In practice, rights clearance often works something like this.
An employee in a marketing department has an asset such as a photograph. The photo was taken by a photographer one year ago for a print campaign, and the employee needs to know whether she can post it to the company website.
The employee might query a Digital Asset Management (DAM) system or a database, look at the metadata associated with the photo, and get a yes/no answer to a simple question (can/can’t publish on the web, can/can’t publish internationally).
Alternatively, the employee might call the contracts department. Someone in contracts will look up the photo in their own database, and clear the photo for publication. In some companies, the contracts department may have to physically track down the contract.
When the universe of digital assets was smaller, channels were fewer, and life was simpler, this approach worked reasonably well. But as managing content assets grows more complex, existing systems are starting to break down under seven major rights clearance challenges.
Here are the seven challenges facing asset rights clearance systems today:
- Proliferation of channels. An expanding universe of websites and social media means content is published on many more channels than ever, and accessed by more digital devices than ever.
- Digital IP assets have become commoditized. As a result of the proliferation of channels, a single digital asset has become a commodity that can be used in, literally, thousands of ways.
- The need for speed in web publishing. Web publishers are under enormous pressure to be engaging, compelling, and above all, first. Slow rights clearance can cost publishers the advantage, but rushing to publish without rights increases the risk of a copyright infringement lawsuit.
- Consumer-driven (and consumer-created) content. The creation and use of content is increasingly driven by consumers’ changing tastes and behaviors.
- Internationalization of business. As companies move fluidly across national boundaries, territorial restrictions on IP licensing require more careful attention.
- More companies are content companies. Media assets are no longer just the domain of media companies. Manufacturers, consumer companies, and marketing and advertising agencies (to name a few) all have substantial repositories of content to be managed.
- Most importantly, DAMs and other existing systems weren’t built to handle these changes and weren’t designed for rights management. They therefore cannot perform the dynamic rights clearance users require today.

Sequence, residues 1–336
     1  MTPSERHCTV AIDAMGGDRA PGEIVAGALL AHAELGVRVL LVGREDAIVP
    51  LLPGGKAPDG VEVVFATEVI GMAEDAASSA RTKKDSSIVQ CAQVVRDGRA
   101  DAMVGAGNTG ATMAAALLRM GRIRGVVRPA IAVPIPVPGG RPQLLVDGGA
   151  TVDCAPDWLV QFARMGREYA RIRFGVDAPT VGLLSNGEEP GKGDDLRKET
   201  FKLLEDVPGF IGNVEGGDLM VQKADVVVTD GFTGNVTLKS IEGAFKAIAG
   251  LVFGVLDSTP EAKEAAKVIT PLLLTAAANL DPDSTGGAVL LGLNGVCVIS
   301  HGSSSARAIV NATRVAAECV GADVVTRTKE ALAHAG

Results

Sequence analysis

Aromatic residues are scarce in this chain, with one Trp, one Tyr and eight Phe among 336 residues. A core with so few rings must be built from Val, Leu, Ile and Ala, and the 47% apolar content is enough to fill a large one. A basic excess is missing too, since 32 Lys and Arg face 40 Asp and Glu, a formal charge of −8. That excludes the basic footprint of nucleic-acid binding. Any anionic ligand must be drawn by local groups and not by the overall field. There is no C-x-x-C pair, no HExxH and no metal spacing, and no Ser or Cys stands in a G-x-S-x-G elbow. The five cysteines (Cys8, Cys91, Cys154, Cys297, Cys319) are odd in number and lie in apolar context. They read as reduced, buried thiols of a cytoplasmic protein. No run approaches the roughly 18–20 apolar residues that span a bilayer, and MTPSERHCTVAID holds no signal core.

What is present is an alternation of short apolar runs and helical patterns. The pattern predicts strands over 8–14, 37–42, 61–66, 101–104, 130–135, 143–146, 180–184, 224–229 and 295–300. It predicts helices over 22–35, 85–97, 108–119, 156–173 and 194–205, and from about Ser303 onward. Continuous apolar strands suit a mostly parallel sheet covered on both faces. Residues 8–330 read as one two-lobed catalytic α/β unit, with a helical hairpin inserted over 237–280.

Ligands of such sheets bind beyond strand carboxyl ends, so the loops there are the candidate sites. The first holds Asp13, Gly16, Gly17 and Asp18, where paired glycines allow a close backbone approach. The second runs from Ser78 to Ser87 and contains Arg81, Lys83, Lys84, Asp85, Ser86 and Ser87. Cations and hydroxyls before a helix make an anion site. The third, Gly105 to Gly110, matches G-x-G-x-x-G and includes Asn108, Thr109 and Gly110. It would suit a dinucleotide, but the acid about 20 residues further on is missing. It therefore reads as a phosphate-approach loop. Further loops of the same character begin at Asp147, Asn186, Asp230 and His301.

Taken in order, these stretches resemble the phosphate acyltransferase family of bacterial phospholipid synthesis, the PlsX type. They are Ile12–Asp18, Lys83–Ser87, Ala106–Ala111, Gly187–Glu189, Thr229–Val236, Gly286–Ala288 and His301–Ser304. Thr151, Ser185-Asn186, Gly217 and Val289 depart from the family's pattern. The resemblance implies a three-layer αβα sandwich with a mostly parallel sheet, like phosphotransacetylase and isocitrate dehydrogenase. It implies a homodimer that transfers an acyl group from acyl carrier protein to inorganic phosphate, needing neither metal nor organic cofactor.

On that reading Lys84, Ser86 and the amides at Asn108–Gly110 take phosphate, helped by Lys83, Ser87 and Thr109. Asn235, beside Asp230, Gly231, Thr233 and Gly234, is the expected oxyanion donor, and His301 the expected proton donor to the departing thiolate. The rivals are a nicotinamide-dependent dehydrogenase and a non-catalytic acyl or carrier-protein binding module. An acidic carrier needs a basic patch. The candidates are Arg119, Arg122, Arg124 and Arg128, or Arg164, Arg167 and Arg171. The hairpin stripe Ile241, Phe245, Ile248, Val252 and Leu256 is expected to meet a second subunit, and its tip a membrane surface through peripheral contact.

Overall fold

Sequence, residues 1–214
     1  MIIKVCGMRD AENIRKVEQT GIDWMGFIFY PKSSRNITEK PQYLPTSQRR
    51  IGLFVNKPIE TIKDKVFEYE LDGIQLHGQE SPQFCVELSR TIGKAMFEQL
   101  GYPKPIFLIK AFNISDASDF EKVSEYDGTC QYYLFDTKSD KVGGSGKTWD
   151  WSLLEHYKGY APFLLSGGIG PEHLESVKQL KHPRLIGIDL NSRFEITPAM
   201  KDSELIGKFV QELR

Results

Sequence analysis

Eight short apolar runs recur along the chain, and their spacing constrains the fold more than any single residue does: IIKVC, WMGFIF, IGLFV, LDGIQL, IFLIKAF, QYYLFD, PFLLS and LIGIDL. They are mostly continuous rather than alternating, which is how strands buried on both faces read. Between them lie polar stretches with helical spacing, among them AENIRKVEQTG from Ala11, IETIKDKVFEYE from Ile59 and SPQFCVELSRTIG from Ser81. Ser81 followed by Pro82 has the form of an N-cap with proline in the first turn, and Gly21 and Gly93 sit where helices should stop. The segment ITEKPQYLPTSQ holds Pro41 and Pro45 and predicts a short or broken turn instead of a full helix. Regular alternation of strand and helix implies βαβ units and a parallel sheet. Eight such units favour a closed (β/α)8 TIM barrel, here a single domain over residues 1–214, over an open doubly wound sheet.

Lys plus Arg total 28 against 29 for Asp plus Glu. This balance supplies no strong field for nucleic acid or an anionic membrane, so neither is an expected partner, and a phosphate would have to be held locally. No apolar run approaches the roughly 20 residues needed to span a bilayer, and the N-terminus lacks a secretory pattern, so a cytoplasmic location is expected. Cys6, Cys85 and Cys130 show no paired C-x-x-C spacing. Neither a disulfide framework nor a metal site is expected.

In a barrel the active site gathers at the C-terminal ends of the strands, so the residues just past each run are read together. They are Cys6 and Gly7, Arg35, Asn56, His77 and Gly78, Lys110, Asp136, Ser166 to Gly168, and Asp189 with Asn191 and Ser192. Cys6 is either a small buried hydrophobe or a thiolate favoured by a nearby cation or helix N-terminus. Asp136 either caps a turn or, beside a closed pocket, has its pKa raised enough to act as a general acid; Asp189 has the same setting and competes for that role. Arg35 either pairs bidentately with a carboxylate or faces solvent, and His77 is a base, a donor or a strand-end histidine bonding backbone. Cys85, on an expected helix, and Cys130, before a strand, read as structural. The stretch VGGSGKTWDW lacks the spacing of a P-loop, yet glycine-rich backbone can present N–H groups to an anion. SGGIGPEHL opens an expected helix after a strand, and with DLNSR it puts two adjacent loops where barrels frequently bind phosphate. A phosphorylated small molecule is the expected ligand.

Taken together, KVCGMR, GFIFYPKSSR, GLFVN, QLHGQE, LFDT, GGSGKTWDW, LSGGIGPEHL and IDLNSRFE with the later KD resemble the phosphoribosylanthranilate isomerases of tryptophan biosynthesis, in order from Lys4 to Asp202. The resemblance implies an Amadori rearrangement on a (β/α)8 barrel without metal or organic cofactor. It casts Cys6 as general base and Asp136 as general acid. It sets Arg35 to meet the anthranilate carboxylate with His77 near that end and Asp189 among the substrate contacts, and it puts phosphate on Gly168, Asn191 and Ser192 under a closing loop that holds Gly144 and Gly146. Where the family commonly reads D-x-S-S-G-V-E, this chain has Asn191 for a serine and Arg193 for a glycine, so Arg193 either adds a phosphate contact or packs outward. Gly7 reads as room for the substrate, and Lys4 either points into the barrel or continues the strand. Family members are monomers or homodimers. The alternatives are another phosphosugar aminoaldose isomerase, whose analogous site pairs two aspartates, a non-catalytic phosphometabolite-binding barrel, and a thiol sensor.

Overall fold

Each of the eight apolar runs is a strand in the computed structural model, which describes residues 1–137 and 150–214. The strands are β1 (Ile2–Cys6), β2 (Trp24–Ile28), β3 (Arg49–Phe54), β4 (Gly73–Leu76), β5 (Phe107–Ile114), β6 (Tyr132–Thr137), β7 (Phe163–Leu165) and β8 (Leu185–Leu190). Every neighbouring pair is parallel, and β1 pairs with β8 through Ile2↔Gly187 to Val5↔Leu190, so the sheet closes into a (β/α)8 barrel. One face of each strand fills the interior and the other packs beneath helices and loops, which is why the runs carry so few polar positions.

Limitations of existing rights clearance systems
Returning to the example of the employee trying to clear a photograph for online use, existing DAM and rights systems face two problems: complexity and visibility.
If rights information is simple, it can be attached to a digital asset as metadata. But often permissions to use digital content are not simple. Instead, they are often complex combinations of channel, time, territory, and other restrictions. As a result, DAMs struggle to model them.
For example, the photographer’s contract may simply allow the photo to be published on the internet. But what if the contract says the photo can be published on the internet, but only after three years, or after the payment of an additional fee? Or that different territorial restrictions apply to different kinds of publication?
And that’s just one contract. Several contracts might cover one digital asset—for a photo, there may be contracts with the photographer, the model, and the location owner—all of which may impose different restrictions. That kind of complex, hierarchical information is difficult to squeeze into metadata.
Passing these problems along to the contracts department isn’t the answer. Because of the proliferation of content and channels discussed earlier, the number and complexity of queries threatens to overwhelm contracts departments, creating delays just when speed is important.
Requirements of an asset rights clearance system
Having stated the challenge, it’s possible to state the requirements of a good asset rights clearance system:
- Information should be accessible to the specific people who need it, cutting down on back-and-forth communications.
- Handles complex, hierarchical data. As we have seen, rights clearance requires more than simply assigning simple attributes to assets. Rights clearance has to preserve complexity.
- Yields useful answers. The database should be still capable of distilling complexity and yielding simple answers. Can this photograph be posted online today? If not, what digital assets does your company have that can?
- The system needs to be able to obtain asset data from a DAM or other database, as well as rights data. It needs an accurate, reliable way to assign rights data to the relevant assets.
- The asset rights clearance system needs to work well with other databases or risk becoming another layer of complexity or point of failure.
- A good solution should do all of these things quickly.
Asset Rights Clearance Solutions
FADEL’s extensive rights management background, combined with focused discussions with customers and other industry leaders about these issues, has resulted in its own Asset Rights Clearance (ARC) solution.
ARC is a cloud-based solution. It works by integrating data from DAMs and contractual rights databases, matching assets to associated rights and restrictions. FADEL’s expertise in applying attribute-based rights models to intellectual property—developed over years of experience in IP Rights Management—allows ARC to model complex IP rights and answer queries in real time.